David Wright is having a bad year. The veteran third baseman is on pace to tally the worst full-season statistical year of his major league career. Whether his lack of production is the result of an ailing shoulder, which he has denied, or a four-month slump and will turn it around in short order, it's possible that this is the hitter Wright will be for the foreseeable future. If Wright does not turn things around by the end of September, what does this mean for the Mets moving forward?
The Mets rank 24th in baseball in runs scored this year. Put simply, the team's offense is broken. Wright alone accounts for about 20 percent of the team's total payroll this year. For the Mets to be successful and competitive, he must succeed. He must also be put into a position to succeed.
It would, however, be extremely unfair to blame David Wright for the shortcomings of the offense. One hitter an offense does not make, and he is but a cog—albeit a very expensive cog—in this 25-man roster. For the purpose of this exercise in assuming that Wright maintains his current pace of production, how can the Mets best utilize Wright in the future?
Perhaps David Wright should no longer be hitting third. His current production is simply not consistent with that of a third hitter. He is neither hitting the ball with authority nor driving in runs, both things that a competitive team expects from its number three hitter. But his production and skill set would do a fine job if he was hitting in a place in the batting order where there were different expectations. The most optimal place for Wright to hit is second, but Daniel Murphy has that spot in the order locked down.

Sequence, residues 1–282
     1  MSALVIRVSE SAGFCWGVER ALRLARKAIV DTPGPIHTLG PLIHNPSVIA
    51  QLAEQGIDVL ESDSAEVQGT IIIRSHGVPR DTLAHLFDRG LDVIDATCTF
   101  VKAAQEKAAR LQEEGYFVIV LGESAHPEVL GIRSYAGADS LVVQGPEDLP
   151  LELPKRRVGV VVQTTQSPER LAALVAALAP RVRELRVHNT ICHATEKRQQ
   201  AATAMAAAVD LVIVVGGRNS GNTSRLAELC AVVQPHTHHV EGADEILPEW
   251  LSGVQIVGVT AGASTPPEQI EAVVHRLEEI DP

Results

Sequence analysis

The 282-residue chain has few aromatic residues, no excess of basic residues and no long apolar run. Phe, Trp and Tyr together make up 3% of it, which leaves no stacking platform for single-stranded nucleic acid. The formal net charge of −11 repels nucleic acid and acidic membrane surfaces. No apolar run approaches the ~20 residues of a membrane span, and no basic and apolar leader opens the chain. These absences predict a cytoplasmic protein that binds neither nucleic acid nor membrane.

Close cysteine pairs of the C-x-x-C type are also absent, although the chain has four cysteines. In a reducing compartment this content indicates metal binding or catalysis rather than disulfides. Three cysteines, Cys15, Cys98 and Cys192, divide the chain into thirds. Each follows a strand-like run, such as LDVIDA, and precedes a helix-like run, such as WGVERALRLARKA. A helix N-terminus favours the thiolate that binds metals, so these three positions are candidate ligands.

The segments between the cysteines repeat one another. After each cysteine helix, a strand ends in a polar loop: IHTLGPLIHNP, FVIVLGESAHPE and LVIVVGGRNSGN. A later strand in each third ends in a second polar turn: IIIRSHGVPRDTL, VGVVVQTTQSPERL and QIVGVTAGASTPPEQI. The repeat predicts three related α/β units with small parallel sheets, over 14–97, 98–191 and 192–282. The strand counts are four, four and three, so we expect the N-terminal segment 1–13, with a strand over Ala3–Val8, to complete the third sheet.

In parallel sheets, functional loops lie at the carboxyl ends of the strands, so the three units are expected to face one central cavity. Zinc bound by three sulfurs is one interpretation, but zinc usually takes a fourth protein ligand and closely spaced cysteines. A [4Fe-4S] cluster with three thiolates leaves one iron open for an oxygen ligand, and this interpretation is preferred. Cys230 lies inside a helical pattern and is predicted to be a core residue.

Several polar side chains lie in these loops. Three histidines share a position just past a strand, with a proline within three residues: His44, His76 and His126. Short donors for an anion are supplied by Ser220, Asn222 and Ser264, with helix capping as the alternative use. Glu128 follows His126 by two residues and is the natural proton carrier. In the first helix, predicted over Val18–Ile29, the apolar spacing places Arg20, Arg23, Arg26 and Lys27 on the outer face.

Dropping Wright down in the order to the fifth spot makes little sense. Even without much power, he is still one of the best hitters on the team, and over the long run the Mets would be better suited by giving him more at-bats. The most logical position for him in the batting order as this team is currently constructed is leadoff.
Curtis Granderson has been doing an admirable job in filling in at that spot, but he is the only other batter other than Lucas Duda who poses any power threat and should be in a position to drive in runs on a more consistent basis. Switching Wright with Granderson could be just what the doctor ordered.
Batting leadoff, Wright would have a different job. No longer will he be relied on to hit for power and drive in runs. He would be able to re-focus on what has always been perhaps his best skill: getting on base. This season, his walks are down, and his strikeouts are up. It is plausible to think that he is pressing, and he has admitted recently that much of his struggles are mental. It also may be posited that he is trying to do something that he no longer is capable: hit the ball over the fence with regularity.
If the Mets plan on keeping Daniel Murphy this offseason, it would be advantageous to give Wright an extended run in the leadoff spot from now until the end of the season. This would enable the Mets to put their two most potent power bats third and fourth in the order while keeping two hitters with high on-base percentages hitting in front of them.